You can use this starting place as an exercise in and of itself. You might find this all too easy and therefore boring. That’s great. Move on to something more refined. A crucial part of these exercise progressions is staying in a curious and exploratory state of mind. If the exploring is too easy you will quickly lose interest. If too hard, you’ll likely quit. As you investigate your sense of your parts and their position in increasing detail, you will find the right levels to train at. Stay tuned. This will get clearer as you will see as you move into intermediate level training ideas.

But, if you find that you are someone who has difficulty noticing your body as a whole shape, or some parts are difficult or disturbing, this is a good starting place.

You can do this as a 3- Dimensional grounding/centering exercise.

Notice you have a front side.

Notice you have a back side.

Notice you have a top which is your head.

Notice you have a lower part which might be your feet (or once was your feet.)

Notice in the top to bottom dimension that somewhere there is a middle. Most people experience their middle as somewhere in their torso.

Notice you have a side on the right and a side on the left.

You can be in any position and do this basic orienting exercise. You could be standing, sitting, or lying down.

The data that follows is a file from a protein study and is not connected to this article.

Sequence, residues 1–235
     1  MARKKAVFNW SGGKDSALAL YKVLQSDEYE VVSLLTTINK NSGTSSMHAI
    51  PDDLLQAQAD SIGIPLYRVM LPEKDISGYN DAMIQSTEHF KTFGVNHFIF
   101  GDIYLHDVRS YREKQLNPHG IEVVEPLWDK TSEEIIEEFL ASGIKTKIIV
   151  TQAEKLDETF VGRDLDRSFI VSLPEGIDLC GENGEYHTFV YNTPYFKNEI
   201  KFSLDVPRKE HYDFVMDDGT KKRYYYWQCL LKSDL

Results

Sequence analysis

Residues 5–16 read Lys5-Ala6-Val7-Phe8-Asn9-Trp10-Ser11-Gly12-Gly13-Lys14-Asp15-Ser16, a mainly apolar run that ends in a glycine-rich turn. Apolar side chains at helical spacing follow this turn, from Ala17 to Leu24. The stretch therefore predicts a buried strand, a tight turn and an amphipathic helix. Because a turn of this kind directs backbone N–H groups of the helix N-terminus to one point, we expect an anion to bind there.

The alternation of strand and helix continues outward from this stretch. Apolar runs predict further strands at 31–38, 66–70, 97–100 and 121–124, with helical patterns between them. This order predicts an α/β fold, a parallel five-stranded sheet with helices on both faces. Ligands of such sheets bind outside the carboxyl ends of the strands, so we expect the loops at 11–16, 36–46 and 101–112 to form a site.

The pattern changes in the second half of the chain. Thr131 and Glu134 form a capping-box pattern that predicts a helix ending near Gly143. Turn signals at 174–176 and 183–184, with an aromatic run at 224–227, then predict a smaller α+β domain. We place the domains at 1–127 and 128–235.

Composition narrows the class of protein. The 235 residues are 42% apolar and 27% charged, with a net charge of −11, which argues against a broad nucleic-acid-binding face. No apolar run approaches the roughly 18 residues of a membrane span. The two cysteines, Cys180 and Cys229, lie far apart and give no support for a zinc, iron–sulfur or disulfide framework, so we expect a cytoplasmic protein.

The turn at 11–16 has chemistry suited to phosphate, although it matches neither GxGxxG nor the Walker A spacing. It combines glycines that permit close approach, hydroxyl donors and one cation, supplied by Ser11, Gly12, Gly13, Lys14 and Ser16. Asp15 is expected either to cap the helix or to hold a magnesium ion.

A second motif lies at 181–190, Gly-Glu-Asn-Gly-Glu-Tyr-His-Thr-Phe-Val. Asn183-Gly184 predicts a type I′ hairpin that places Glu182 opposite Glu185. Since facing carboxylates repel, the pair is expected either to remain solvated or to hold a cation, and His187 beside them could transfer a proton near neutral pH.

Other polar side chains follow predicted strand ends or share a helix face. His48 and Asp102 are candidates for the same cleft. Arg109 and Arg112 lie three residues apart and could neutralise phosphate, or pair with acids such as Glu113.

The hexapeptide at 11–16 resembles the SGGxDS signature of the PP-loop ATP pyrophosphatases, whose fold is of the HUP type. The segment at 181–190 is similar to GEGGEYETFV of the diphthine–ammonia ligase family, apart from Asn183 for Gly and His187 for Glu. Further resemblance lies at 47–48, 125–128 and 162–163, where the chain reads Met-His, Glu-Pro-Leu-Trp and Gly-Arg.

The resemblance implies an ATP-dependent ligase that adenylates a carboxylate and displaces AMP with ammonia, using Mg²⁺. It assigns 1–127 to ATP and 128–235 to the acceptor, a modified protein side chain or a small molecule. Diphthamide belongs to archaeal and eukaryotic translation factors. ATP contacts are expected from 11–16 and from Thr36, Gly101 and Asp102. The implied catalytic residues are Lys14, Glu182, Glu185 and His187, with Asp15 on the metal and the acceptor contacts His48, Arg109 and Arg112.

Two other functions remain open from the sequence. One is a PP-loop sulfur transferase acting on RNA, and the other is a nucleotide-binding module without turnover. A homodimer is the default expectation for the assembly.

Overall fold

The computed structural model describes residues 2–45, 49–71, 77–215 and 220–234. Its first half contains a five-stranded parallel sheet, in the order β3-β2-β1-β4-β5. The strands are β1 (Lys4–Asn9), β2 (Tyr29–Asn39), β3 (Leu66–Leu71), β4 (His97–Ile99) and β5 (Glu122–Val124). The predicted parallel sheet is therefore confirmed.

Then visit your limbs.

You might say to yourself :

“I have a right leg.”

“I have a left leg.”

“I have a right arm.”

“I have a left arm.”

If you are missing all or part of a limb you can choose whether to visit what you have left or your memory of what you once had. If a limb is too painful to notice you can become curious about how near that place you can visit without overly disturbing your starting sense of relative calm.

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Imagine Your Neck using pancakes

January 15, 2020

This is a model of the neck using pancakes to represent different segments and their movement possibilities. The eyes in front are a reminder that there is a sense of where each segment is “looking”. The red licorice on the sides of the neck represents the large muscles there and then I take those off […]

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Collar Bones are KEY. Use a hot dog as an image to find this part of you!

January 16, 2020